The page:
VOICES OF THE MIDLANDS: 9/11 OFFERS CHANCE TO BUILD BRIDGES

The Rev. Willie James Goodwin, 66, pastor, Oak Grove Baptist Church, Pontiac

When Sept. 11 arrived, our church just about went into a turmoil because they didn’t know what they were going to do. You tell them the Lord said, “I will never forsake you.”

A lot of churches, the membership got closer together.

Where I am pastor, there’s 12 of us that bring different churches in the area together. We are going to do a commemoration Sept. 11 at Blaney Elementary School and see what we can do to bridge the gap between the races and the churches. God is not a segregated God.

We may not have had any folks directly involved in this devastation, but what affects you, affects me. I am my brother’s and sister’s keeper.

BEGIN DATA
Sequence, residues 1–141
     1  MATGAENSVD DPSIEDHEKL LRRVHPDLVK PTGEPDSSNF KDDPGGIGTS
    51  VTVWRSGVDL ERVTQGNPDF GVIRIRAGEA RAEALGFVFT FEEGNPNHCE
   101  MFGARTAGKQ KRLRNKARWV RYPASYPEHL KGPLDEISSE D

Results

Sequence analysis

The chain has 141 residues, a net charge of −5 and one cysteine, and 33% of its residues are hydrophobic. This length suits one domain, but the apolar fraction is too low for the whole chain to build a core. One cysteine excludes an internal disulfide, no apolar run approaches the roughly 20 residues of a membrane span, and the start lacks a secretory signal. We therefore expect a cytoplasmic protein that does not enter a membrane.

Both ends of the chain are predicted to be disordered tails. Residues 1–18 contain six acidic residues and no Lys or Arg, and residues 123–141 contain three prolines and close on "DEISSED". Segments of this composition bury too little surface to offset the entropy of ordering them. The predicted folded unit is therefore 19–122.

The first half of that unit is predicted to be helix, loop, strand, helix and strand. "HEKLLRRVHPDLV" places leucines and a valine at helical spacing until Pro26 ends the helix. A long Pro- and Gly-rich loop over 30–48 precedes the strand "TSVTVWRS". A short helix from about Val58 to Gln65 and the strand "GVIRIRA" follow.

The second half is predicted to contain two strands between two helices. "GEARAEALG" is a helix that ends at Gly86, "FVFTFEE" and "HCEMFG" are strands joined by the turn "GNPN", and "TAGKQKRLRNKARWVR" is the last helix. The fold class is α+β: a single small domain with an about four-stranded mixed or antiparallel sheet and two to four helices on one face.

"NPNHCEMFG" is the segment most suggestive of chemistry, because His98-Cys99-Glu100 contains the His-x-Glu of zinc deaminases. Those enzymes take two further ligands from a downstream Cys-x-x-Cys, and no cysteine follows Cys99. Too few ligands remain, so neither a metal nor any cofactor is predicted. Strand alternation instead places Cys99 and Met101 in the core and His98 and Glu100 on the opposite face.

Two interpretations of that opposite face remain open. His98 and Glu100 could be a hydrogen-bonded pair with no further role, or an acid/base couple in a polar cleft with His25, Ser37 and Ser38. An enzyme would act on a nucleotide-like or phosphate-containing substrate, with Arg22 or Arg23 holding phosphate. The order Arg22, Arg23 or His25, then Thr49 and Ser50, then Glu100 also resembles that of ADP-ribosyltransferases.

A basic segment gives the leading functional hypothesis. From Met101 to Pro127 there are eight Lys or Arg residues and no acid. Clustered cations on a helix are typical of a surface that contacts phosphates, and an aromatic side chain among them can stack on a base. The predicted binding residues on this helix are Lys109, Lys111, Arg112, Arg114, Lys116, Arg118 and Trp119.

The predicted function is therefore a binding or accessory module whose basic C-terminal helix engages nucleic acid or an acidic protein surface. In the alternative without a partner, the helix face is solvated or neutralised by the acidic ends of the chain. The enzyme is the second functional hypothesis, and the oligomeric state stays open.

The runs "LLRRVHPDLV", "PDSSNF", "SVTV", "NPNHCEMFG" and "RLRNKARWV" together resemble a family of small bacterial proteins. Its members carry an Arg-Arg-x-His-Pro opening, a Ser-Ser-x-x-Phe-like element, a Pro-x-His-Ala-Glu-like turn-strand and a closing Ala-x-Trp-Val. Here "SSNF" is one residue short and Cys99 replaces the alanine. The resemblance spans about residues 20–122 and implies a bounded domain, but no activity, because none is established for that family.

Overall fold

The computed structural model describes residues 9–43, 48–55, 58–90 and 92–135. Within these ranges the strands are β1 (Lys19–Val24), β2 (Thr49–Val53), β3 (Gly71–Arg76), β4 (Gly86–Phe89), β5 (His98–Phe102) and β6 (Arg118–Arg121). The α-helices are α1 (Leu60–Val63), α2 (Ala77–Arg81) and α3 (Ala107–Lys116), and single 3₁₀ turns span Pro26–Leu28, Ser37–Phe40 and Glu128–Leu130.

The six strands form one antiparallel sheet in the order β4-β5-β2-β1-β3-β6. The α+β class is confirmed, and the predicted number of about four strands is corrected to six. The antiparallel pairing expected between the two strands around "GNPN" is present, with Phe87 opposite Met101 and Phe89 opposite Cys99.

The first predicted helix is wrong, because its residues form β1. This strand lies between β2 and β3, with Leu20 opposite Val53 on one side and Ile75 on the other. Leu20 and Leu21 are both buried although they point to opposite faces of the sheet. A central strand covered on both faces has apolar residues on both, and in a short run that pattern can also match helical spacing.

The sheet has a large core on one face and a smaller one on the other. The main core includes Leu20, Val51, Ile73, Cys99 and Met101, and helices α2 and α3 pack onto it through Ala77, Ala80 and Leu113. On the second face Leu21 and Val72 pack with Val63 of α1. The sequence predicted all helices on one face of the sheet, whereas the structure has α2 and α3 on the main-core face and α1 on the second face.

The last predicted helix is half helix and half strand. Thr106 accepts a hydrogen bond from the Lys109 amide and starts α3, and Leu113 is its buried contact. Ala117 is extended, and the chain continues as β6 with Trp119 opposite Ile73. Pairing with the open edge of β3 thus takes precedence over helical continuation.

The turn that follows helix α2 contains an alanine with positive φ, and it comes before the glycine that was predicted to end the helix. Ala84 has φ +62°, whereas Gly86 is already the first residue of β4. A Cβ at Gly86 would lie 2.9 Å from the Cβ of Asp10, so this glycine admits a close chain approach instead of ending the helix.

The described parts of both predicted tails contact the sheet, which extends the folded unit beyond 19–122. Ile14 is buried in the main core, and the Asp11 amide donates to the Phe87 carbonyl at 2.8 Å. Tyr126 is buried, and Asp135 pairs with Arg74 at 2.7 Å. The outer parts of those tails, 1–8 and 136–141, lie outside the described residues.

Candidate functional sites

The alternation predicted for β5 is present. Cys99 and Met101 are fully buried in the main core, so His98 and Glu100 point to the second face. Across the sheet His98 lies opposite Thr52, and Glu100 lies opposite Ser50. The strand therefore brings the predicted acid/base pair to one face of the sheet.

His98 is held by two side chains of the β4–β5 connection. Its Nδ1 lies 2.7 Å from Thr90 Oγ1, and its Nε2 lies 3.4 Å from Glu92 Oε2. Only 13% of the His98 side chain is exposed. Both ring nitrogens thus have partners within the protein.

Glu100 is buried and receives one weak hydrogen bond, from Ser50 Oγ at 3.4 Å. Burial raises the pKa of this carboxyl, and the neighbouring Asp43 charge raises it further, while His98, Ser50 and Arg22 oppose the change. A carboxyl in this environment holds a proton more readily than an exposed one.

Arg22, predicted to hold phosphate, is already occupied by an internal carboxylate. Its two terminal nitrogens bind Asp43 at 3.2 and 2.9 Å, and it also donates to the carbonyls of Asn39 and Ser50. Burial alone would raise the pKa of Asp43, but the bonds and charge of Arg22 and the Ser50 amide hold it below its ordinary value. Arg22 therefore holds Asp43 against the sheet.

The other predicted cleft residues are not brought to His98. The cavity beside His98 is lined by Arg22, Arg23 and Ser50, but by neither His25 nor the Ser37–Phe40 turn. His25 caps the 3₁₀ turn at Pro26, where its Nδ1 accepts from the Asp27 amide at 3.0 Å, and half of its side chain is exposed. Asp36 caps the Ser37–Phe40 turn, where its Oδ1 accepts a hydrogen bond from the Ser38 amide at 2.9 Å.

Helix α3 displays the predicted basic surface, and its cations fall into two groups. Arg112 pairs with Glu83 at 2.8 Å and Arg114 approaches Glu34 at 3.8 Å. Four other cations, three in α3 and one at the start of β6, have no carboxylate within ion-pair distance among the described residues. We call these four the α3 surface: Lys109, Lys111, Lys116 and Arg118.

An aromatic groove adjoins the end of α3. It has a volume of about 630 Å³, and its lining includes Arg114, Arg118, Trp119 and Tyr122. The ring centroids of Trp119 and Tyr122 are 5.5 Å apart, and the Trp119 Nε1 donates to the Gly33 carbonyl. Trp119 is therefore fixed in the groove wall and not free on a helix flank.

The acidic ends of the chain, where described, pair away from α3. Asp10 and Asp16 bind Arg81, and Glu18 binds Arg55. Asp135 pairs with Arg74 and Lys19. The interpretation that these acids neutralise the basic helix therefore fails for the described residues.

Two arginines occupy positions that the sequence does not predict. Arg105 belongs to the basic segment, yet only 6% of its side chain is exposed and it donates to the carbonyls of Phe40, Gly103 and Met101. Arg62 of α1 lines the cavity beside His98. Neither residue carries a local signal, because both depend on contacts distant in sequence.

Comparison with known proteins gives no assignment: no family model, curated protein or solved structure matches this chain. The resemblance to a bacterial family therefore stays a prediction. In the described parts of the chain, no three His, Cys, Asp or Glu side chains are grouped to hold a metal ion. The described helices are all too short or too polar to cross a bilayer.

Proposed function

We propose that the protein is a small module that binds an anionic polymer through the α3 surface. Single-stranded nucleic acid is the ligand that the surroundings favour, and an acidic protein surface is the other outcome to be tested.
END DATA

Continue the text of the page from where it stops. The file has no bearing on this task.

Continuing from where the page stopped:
This war started way back with Abraham and his son Isaac and his son Ishmael. They wanted what’s theirs. And it’s just about property. A lot of people hold on to houses, cars – a lot of materialistic things. And you’re going to leave that all behind. When we leave here, we’re nothing but a speck of dust.

I saw Sept. 11 as a sign of prophecy. The end is coming. Don’t get too satisfied staying here. You’re going to be out of here. It’s just that simple. These are the signs it’s happening now. You’re in the last days.

That is my belief.

-As told to Pat Berman, staff writer

September 10, 2002  State (published as The State)  
Columbia, South Carolina
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